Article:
Greg Egan is one of the few authors whose books I can re-read and Arrows of Time certainly rewards re-reading. The first time, through, it was all I could do to keep track of the “human” story (they’re actually squishy, alt-universe Barbapapa-people). This second time, I could spend my mental energy trying to wrap my mind around time moving in different directions.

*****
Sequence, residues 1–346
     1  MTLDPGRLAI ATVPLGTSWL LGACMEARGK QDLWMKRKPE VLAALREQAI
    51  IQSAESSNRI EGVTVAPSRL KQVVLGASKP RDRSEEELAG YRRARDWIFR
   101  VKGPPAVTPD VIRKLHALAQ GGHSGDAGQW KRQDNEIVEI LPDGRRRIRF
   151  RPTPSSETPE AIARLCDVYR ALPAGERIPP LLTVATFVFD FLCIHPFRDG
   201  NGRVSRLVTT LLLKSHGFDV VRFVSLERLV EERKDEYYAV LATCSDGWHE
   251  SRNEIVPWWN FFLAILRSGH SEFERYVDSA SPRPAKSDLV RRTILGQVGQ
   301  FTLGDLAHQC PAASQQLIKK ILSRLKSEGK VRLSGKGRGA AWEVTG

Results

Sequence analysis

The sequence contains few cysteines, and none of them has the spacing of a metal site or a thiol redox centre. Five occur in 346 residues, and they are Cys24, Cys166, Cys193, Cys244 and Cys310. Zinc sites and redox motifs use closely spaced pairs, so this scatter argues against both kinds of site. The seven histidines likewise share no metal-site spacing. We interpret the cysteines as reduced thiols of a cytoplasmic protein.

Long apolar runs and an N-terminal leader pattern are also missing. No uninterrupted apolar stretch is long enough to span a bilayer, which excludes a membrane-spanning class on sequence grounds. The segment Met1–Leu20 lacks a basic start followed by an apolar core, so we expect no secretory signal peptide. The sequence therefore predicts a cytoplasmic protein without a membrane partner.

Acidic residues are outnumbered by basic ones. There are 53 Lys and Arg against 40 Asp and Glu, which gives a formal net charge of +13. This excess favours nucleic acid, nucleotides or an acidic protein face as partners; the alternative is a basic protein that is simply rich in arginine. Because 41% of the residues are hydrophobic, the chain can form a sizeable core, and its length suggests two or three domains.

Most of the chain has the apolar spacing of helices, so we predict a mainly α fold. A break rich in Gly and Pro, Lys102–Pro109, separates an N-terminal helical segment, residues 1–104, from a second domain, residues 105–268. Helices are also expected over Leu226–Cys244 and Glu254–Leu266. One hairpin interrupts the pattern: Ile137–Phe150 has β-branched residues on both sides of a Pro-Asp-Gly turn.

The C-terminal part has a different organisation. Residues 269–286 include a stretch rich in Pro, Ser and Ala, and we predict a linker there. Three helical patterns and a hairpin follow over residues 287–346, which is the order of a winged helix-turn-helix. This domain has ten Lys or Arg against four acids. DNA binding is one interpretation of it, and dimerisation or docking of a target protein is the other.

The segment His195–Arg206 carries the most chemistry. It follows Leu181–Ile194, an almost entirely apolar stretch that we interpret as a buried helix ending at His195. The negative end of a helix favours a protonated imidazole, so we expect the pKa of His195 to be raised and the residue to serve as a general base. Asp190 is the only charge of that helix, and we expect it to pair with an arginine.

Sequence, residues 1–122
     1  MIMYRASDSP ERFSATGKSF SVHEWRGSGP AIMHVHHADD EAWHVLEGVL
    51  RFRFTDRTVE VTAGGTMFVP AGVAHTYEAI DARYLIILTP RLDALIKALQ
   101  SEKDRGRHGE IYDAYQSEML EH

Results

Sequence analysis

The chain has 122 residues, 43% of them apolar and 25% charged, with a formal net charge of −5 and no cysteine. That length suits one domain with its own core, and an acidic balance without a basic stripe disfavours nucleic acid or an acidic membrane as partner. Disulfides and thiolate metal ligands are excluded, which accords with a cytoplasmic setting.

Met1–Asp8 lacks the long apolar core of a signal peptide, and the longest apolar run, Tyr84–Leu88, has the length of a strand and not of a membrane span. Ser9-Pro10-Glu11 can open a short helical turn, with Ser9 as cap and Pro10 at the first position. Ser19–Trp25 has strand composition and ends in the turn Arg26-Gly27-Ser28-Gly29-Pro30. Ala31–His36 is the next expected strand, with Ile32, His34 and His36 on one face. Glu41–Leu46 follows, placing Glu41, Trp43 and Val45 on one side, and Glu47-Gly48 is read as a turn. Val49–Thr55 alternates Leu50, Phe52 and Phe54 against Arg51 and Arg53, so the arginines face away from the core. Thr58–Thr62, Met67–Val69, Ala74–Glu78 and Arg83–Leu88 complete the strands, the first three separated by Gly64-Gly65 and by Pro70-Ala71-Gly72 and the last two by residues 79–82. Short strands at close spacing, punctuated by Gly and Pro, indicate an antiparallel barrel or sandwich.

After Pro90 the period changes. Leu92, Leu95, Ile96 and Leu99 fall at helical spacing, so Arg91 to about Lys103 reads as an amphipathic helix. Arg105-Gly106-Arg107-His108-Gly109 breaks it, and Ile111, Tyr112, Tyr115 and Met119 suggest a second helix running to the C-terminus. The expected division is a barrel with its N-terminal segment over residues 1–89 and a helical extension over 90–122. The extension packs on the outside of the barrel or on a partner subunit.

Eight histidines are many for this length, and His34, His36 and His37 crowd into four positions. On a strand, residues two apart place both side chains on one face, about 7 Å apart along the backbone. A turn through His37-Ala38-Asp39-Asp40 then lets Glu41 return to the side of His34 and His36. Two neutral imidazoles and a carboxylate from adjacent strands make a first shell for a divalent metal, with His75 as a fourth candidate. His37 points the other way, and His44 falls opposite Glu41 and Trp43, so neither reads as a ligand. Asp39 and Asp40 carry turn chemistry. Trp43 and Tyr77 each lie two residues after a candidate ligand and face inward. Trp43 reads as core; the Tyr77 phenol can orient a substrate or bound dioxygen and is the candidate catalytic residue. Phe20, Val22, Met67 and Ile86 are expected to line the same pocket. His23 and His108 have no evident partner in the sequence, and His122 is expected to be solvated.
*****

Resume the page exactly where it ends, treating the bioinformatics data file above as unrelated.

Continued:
It should tell you something that the whole “what of free will in a deterministic universe” problem gets about a paragraph before it’s solved and we move on to other, more interesting exercises. Such as determining whether the cosmos has positive or negative curvature.
And that’s all layered on top of a discussion about our desperate search for meaning in a cosmos that assures us it has none. The balance between what we must and must not know. The terror we have for the part we play in making the future. What will I discover on my next read-through?